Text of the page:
Later, the zoning guy calls. He’s Bob Brandner, village of New Albany zoning officer. Brandner is a retired military man and Department of Defense administrator who’s been active for years in Plain Township commissions and associations; now, after the merger, he lives in New Albany. At the end of January, council asked him to serve as its zoning officer. There’s a small problem, though. “I don’t have much experience in zoning,” he says. “But I’m learning. And, being an ex-military man, I will run the office by the book.”

There’s also another problem. “We don’t have anybody who can do zoning inspections. We are working with Franklin County on contracting with them for inspectors. Of course, the only building going on now is Wexner and Kessler. They are doing their own inspections, sending the reports to us and we send them to an engineering company we have hired to check them out. That will change, though, when we get a deal with Franklin County.”

At least Brandner has an office now. A few weeks earlier, all he had was a corner in village council chambers in the too-small municipal building. Brandner works in a rented room, with a desk, a donated electric typewriter and a couple of filing cabinets. There are piles of records and maps and books to be researched and organized. “I’m working 50 hours a week, but you don’t have to mention that,” he says.

Brandner pulls out a collection of blueprints marked “A residence for Mr. Leslie H. Wexner.” He also has building permits and inspection files. “You know, I called over to the New Albany Company and asked if someone from there could come over and explain the plans for you,” Brandner says. “I thought it might be helpful.” Nobody came. Brandner has another thought. “You really ought to go on the site and see what it’s like. I’ve been out there. I haven’t seen a whole lot, but I think it would help.” He then calls Setterlin, goes through a channel or two, leaves a message, gets a return call from Walt Betley and explains his idea. “Absolutely not,” says Betley.

Brandner gives a worth-a-try shrug and hands over the building permits. The speculation was right about the size of The House. It officially checks in at 60,112 square feet. The estimated cost is $5 million. No, there won’t be 27 bathrooms. Try, four full baths and six-half baths. (The boys at the barbershop will be disappointed.) There are four bedrooms, which seems surprisingly low; perhaps overnight guests will be held to a handful. The frame is structural steel. Wexner will have a private sewage system and well or cistern.

Brandner lays the blueprints on the carpeted floor. “Let me tell you, it’s something else,” he says, flipping through the Wexner plans. “It’s going to be some pad. When I was over there, I heard that the basement was going to be 16 feet deep.” The blueprints, however, are vague.

A few days later Brandner says another set of blueprints had been filed. “These are a lot better,” he says. This time, the 53-page package reveals considerable information.

It appears as if the driveway entrance—blocked by a gate—will be south of the residence, off of Kitzmiller. The drive winds north past a canal, a rotunda and pyramid. (A pyramid? That’s what the plans say. Will Wexner’s abode double as a New Age retreat?) It connects into an east-west roadway. Heading west, the road runs into what seems to be a circular drive surrounded by landscaping. This circular drive is north of The House, which will face the same direction.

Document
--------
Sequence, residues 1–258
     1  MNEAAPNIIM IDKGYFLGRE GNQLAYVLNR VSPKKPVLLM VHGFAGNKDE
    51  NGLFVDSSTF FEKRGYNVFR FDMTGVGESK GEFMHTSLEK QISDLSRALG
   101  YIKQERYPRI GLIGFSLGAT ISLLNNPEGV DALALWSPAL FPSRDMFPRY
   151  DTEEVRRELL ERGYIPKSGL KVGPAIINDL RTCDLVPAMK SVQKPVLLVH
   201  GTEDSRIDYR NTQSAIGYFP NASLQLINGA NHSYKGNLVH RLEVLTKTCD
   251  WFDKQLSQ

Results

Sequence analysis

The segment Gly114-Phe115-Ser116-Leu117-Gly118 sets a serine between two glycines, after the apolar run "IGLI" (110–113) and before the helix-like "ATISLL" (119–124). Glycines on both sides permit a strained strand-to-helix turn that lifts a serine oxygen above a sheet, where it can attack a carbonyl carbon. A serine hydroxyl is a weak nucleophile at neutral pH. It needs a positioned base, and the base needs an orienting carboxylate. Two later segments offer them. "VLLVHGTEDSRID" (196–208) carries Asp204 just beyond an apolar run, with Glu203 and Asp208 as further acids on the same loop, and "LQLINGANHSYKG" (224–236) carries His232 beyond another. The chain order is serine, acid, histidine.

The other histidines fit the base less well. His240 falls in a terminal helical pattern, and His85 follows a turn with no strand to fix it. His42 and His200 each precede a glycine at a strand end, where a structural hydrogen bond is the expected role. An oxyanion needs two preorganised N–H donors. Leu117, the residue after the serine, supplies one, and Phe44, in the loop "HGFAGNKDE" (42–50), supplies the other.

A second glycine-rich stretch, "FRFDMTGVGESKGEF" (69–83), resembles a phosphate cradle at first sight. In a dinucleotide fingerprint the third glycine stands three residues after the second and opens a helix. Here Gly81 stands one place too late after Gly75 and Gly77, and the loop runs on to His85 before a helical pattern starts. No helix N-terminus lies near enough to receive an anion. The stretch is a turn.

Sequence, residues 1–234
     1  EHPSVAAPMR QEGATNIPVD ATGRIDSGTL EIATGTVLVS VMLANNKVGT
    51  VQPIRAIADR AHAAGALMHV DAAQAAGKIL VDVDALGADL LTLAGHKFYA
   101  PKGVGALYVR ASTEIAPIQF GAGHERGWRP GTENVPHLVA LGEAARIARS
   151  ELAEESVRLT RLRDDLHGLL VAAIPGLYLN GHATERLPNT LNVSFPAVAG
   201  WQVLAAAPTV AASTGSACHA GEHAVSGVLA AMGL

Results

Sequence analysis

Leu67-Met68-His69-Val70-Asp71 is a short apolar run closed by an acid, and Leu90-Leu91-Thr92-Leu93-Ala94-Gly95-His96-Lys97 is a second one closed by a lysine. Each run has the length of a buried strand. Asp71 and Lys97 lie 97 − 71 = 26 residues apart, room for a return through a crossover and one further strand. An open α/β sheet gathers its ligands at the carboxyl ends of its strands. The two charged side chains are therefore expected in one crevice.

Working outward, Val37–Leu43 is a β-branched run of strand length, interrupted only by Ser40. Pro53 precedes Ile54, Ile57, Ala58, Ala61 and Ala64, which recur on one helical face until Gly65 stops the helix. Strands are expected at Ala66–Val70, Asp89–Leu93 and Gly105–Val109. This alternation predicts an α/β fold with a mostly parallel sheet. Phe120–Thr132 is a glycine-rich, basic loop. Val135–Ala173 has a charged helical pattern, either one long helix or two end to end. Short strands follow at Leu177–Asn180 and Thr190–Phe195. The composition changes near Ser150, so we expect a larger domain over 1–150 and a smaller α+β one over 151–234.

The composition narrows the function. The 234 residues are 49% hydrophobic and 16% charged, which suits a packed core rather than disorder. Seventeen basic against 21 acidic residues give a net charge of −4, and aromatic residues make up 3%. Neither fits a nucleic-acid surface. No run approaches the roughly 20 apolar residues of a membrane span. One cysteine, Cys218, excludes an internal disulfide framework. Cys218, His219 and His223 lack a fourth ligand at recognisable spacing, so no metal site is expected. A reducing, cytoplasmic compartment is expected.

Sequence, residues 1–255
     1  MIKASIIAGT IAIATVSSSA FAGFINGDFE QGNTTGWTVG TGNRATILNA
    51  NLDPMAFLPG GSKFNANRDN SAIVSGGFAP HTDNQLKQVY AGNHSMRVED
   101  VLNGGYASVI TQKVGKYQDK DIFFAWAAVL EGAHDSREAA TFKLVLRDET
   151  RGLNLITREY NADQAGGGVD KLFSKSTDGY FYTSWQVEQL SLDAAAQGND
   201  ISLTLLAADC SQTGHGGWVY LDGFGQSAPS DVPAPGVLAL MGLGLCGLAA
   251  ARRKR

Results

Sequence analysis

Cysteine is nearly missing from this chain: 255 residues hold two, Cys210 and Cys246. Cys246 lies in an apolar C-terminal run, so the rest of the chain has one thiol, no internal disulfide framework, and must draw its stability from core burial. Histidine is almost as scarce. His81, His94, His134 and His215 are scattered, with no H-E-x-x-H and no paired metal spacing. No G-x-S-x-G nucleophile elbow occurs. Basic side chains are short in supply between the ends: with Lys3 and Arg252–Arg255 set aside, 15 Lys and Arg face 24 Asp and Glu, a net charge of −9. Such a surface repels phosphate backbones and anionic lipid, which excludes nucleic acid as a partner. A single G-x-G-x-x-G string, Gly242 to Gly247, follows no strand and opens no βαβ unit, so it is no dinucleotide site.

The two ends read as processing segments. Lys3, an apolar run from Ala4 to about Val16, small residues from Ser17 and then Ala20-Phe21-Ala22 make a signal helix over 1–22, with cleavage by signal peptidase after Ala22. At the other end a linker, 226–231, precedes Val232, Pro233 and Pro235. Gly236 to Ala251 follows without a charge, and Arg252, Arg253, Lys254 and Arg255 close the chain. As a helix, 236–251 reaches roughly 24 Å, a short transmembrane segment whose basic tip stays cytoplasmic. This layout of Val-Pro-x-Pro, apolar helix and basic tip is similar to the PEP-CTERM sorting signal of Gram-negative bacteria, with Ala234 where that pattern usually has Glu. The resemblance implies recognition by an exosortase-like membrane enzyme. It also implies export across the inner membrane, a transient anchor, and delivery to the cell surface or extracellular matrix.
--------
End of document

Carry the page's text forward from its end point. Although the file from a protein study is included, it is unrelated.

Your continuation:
The House is sectioned into three connected parts: a central portion and east and west wings. The shape of the central house is fashioned in the vocabulary of capital letters. From above, the central house looks like a fat capital “I” resting on its side. The wings resemble upside-down capital “Ts,” with the legs of the “Ts” extending northward. It seems as if there will be seven outbuildings attached to the wings. There also appear to be outdoor courtyards. Separated from the wings by a roadway are two other structures— perhaps stables. One has another outbuilding as an anchor.

The “south terrace” layout includes brick edging, stone steps, a sod path, evergreen hedges, brick pavers in herringbone pattern and a “small flowering tree in terra-cotta pot.”

The central house and the wings each have two floors and a basement. The central house also has an attic.

Inside the central house are two large rectangular rooms (an entry hall and a sitting room) connected by three doorways. On either side of these two spaces are several more rooms, including a bar, dining room, breakfast room, library and gallery, presumably where Wexner will hang his artwork. The second floor of the central house has two large master bedrooms, an exercise room, steam shower, a big sitting room and something called a “hideaway.”

The east wing contains several spaces marked for staff or security, among many other rooms. It also has a large orangery—which the dictionary says is “a hothouse for growing orange trees in cooler climates.” The east wing basement has a catering kitchen. The west wing has five rooms designated for guests, again, among many other rooms. It also has a media room, which most likely will be used to show movies, and not as a reception hall for reporters.

There seem to be at least 100 rooms in The House.

After all, a man needs a little breathing room at the end of a busy day.

Ray Paprocki is a staff writer for Columbus Monthly.